Coping with Change Widens the Circle of God’s Love 5 September 2021
St Peter’s Lockdown Service
Reading: Mark 7:24-37
One of the hard things about lockdown and life in general is the pace of change. Who would have thought 18 months ago that we would be locking down and that I would be talking to you via YouTube? Up until recently I thought YouTube was something on the back of the toilet bowl. If you are finding the pace of change hard, spare a thought for Ron Hermanns. Ron died this week: New Zealand’s oldest man at 109. He was born in 1911. That was before the Titanic did its thing, before we had phones, electricity, radio, flight, and the list goes on. Despite all the change or maybe because of it, “he spent his life problem solving and thinking of new ways of doing things.”
Jesus is confronted in our passage with change and a new way of doing things. He is trying to have a break and is hoping that no one recognises him. He is up in the north of Galilee far from home. It is there that a persistent woman falls at his feet begging him to heal her daughter. It’s hard to think of a more inappropriate request.
Firstly, she is a woman. Men and especially Jewish rabbis were not to talk to women in public. Her daughter has an unclean spirit, meaning she is unclean too. She should be at home in isolation not talking to random men. Finally, she is a Gentile and not one of God’s chosen people … or is she? Other rabbis would have run from her in horror. But not Jesus, he begins a conversation with her. She is clever and plays to his fundamental belief in God’s love. “Even children,” she says, “need crumbs to eat.” There and then, Jesus is challenged to change, he is challenged to see that the reign of God is not just for the Jews. He is called to change and embrace all with love. And he does! He heals her daughter.
For the early Christian community that Mark was writing his Gospel to, the biggest question was this – is the love we see in Jesus just for the Jews or all is it for all people? We need to thank God for this woman and her persistence because without her we may never have heard of Jesus.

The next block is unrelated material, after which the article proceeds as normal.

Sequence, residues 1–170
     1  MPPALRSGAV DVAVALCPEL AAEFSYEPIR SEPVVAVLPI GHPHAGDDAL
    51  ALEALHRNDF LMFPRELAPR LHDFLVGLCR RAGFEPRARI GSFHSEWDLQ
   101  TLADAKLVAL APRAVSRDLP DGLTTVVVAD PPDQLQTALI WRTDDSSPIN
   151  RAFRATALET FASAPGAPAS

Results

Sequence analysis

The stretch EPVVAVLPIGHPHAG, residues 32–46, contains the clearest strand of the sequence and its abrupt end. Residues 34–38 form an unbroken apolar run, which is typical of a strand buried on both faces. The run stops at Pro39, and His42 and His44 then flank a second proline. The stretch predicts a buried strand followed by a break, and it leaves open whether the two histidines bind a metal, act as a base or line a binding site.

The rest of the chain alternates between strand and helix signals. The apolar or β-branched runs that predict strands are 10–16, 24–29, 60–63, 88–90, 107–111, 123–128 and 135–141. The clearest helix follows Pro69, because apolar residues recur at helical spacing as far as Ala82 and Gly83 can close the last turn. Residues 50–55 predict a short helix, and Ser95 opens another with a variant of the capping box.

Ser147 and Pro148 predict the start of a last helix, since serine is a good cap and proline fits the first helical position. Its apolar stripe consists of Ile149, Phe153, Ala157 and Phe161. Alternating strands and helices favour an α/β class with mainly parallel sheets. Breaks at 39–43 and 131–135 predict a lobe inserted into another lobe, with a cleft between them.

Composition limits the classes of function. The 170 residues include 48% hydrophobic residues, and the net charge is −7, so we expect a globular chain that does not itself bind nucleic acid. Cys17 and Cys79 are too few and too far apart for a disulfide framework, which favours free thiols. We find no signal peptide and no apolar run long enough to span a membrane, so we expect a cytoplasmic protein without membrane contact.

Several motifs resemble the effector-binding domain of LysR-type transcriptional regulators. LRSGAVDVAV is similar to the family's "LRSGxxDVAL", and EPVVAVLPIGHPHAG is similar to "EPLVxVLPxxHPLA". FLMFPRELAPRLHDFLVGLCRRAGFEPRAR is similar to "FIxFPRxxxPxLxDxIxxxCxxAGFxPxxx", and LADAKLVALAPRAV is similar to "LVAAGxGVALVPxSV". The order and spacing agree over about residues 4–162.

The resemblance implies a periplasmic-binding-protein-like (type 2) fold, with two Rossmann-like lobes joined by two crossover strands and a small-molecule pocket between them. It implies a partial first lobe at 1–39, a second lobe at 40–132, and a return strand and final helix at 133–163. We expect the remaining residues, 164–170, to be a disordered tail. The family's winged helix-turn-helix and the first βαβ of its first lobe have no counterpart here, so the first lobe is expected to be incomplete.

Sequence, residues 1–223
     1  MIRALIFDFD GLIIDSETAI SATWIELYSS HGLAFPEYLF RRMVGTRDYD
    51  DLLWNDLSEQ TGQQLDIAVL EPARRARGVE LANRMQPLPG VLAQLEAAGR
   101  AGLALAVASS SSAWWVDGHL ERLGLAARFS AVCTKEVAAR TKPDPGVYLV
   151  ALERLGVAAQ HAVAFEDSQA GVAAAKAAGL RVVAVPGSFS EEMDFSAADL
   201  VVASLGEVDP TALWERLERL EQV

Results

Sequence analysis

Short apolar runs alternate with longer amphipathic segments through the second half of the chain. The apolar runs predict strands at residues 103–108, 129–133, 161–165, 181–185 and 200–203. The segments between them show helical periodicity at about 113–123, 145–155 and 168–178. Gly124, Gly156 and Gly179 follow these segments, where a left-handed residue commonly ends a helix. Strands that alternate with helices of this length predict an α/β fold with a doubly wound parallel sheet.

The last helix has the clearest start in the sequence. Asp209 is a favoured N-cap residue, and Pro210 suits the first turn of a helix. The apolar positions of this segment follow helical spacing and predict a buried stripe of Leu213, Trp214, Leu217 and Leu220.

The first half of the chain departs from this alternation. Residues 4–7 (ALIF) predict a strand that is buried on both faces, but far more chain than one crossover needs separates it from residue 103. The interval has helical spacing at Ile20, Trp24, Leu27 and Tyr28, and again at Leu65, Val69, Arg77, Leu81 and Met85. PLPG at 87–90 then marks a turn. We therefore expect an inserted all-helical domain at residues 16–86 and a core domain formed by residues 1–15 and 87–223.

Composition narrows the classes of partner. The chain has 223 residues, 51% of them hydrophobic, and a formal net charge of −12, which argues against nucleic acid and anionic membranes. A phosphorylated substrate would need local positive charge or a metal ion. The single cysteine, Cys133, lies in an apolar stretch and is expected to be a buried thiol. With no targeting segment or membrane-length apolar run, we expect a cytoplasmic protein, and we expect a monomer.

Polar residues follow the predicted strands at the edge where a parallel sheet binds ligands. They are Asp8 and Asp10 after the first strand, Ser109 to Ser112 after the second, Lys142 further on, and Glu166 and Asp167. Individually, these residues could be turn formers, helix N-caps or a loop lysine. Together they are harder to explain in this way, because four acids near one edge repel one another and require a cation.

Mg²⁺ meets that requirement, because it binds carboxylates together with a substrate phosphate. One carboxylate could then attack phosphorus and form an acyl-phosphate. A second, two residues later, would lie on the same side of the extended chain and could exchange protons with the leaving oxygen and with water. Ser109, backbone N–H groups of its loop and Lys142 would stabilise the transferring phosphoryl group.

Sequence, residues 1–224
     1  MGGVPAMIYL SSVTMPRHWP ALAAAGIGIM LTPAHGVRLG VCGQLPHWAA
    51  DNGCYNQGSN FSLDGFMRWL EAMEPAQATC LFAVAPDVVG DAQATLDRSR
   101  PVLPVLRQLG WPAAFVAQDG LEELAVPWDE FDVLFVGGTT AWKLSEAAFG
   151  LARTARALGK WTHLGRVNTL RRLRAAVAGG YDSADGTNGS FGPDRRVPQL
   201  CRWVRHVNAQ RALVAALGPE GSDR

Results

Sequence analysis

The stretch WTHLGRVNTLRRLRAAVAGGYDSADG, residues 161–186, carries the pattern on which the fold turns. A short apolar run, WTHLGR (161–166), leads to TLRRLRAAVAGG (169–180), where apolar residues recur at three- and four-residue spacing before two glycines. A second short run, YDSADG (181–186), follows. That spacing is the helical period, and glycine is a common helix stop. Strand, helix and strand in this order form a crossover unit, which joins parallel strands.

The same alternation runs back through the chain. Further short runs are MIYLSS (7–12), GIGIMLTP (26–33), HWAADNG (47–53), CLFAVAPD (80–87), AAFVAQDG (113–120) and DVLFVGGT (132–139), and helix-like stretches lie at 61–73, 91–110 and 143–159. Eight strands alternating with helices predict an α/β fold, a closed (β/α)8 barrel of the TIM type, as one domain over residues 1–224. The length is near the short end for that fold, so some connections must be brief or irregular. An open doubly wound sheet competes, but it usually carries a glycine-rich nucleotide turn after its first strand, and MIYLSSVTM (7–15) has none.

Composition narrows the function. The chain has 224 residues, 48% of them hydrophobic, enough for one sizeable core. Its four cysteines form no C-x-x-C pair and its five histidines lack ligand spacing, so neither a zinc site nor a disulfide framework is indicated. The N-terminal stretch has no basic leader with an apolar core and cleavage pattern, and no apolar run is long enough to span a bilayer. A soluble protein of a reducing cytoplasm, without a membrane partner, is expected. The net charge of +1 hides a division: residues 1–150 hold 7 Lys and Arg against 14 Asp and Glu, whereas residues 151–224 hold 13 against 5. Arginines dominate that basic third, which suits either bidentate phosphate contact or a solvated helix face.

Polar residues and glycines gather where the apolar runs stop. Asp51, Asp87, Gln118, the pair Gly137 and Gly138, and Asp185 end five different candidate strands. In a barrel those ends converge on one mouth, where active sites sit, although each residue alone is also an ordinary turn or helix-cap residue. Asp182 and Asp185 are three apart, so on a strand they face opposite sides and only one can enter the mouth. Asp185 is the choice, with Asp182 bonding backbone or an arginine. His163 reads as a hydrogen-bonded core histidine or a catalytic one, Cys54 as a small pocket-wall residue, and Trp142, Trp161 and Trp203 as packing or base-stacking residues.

We see Jesus coping with change and embracing his newfound mission, but what of us?
Change isn’t always something that we want to embrace. I heard of one parish, (not ours – we have wonderful wardens) where the Vicar’s Warden retired after 45 years. “You must have seen a lot of change over those years,” she was asked. “Yes” she replied proudly “and I have opposed every one of them.”
On Fathers’ Day we might speculate “How many fathers does it take to change a light?” Answer: “Who cares as long as you get a trip to Mitre 10 out of it.”
To be sure not all change is good. So how can we as Christians assess change? What is the measure that we can use to evaluate change?
The Gospel gives us the answer we need. Does the change widen the circle of God’s love? Does the change mean that we are able to share with more people and different people the love that God has for them?
This last week I was asked to help a person at Waikato University with her research. I was asked to name two success stories from the parish and two times that our vision has been enlarged. So I told them about Petersgate and the preschool.
But I could just have easily told her about “Keeping Good Company,” or the “Rest home ministry”, or the “ESOL class” or “Mainly Music” or the “A Team” or “Coffee and Chat” or “the Fever concerts” or… the list goes on. This has always been a place that is ready to try new things. Even what we are doing right now – recording across the internet while I talk to myself. A whole new frontier of ministry.
Widening the circle of God’s love is what we are all about.
(I was very touched recently by a Muslim family at the preschool whose little one went off to school. Mum asked, “Can I still visit the preschool as I have made such good friends here?”)
Does Petersgate widen the circle of God’s love by engaging with new people? You bet. Does the preschool widen the circle of God’s love by engaging with new people? You bet. Does the ESOL class, Mainly Music, Keeping Good Company, the Fever concerts widen the circle of God’s love? You bet.
Lockdown gives us a golden opportunity to widen our circle of inclusion just as other times of crisis have.
In WW1 three good friends were in the trenches. Unfortunately, one of the friends was killed. Determined to give him a good burial they took his body to the local village priest. “Sorry,” he said, “This cemetery is only for Roman Catholics, your friend was an Anglican, bury him outside the cemetery wall.” So, with some bitterness the friends set to and buried him outside the wall.
Eventually the war stopped and, on the way home they resolved to visit his grave. But try as they might, they couldn’t find it. So, they went to the priest. “Where is our friend?” they asked in desperation. “I was so moved by your plight” he said “that I moved the wall. I moved the wall.”
So, we are left with a question. How is God challenging you to widen the circle of your love this coming week?